What an interesting title to an old Jim Croce song. But it leads me to think about what it would be like if we could stop time. As I get older and I see time marching across my face (to quote a line from "Steel Magnolias"), I sometimes wish I could stop time. On deeper analysis would I really want that? Would any of us want that?

When we are young, we can't wait to grow up and do "grown up" things like staying up later to watch a movie, driving a car, etc. Then we want to live on our own and not have to go by our parents' rules.

When we have children everything changes; it is a pivot point in life. I can remember thinking at each stage of their development, "Oh, if I could stop time right now. I love how cute they are, or the things they are doing, etc." But time keeps moving like the wind. Before long each kid started school and the letting go really begins and time flies even faster. Again, I found myself saying, "Oh, I want time to stop. I…

Sometimes "things" mean something

No "thing" is as important as a person or a life. I know that in my heart and yet sometimes it is painful when a "thing" is broken or lost.

I have moved and packed our stuff numerous times and am , if I have to say so for myself, a good packer. In all the moves in the last 20 years or so, I have only broken 2 or 3 things. Several years ago it was a teapot from my maternal grandmother. I was sick about it since it was the only thing I had of hers. Many moves I haven't broken anything. I meticulously wrap stuff in lots of paper, bubble wrap, peanuts and any other stuff I can find for cushioning. Each move while I'm unwrapping I breathe a sigh of relief when everything comes out fine.

Last night I was unpacking stuff from our most recent move. In one box every single mug and cup was broken. Most had the handles broken off and others were crushed. In another box several beautiful and delicate pieces of crystal from Don's mother bit the dust. The only ones o…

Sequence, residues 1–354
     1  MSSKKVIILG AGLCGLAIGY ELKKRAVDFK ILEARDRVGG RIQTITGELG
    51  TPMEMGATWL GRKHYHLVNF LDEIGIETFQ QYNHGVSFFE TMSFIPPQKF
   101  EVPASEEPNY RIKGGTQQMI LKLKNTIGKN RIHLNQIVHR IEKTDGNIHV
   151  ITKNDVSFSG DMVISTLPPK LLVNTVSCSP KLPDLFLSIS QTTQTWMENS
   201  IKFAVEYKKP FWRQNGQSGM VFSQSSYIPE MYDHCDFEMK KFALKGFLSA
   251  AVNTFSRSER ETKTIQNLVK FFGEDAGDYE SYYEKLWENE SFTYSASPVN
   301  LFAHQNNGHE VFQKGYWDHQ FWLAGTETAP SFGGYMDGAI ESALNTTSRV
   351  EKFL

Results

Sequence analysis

St. Francis of Assissi had a good idea

St. Francis took a vow of poverty. He owned nothing; even his monk's robe was borrowed. When he moved from place to place, it was pretty easy. Put on your borrowed shoes and robe and go. I definitely think he was brilliant in this idea of not owning anything because he never had to move anything.

With every move I make one thing begins to dominate my thinking and that is to identify how much stuff I have and it's not a pretty picture. I fantasize about giving it all to charity and then move on to my next location. I don't think anyone appreciates how much stuff is accumulated until you have to start packing it up and moving it.

Every time I have moved over the last 20 years, and primarily the last 10 years, I have taken stuff and donated it to charity. Now I'm not talking about a grocery sack of stuff. No, sirree! I'm talking carloads of stuff. Don and I moved to Chadron in November of 2008 and left in June 2010. That's only 20 months and yet we hauled multiple…

The Shelf Paper Nazi

Over the years I have come to realize that everyone has their own personal quirks that probably no one else understands. In the TV series, Sex and the City, there is one episode that discusses this--Charlotte likes to look out the pores on her face, Carrie likes to eat jelly on crackers while standing in her kitchen. One of my quirks is shelf paper. Even though I have a garage full of boxes to unpack right now, I can't do it. I have to go through the house, remove the old shelf paper (in this case it's old-style contact paper that I have to scrape off with a razor), and reapply new fresh shelf paper that I've carefully cut and measured to fit.

This last weekend I could have unpacked the kitchens and bathrooms if I had put stuff on the old shelf paper and changed it out later but I just couldn't do it; I had to have the new paper installed first. The quirky part is that I find myself being dismayed when I visit a home with either no shelf paper in cupboards or obviously…

"I wonder as I wander out over the land"

Since 2002 I have lived in six different locations not including month-long stints in a hotel and a college residence hall. Considering that I spent the first 19 (almost 20) years of my life living in one house with very little mobility or travel, this odd turn of events surprises and amazes me. I find myself "wondering" about life's odd turn of events, how each location has taught me something, and how I have lost and gained something from each location.

My first move away from "home" in 2005 I felt like a teenager leaving home and going away to college and quite incidentally I was going to work at a university. It was exciting, exhilarating, scary and painful. I felt a tremendous loss leaving my children, parents and friends behind; I missed them so much. What I gained was a wonderful sense of confidence (most of the time) and the realization that I could survive. I guess I knew in my heart that I would survive but the physical evidence of it was very affirmi…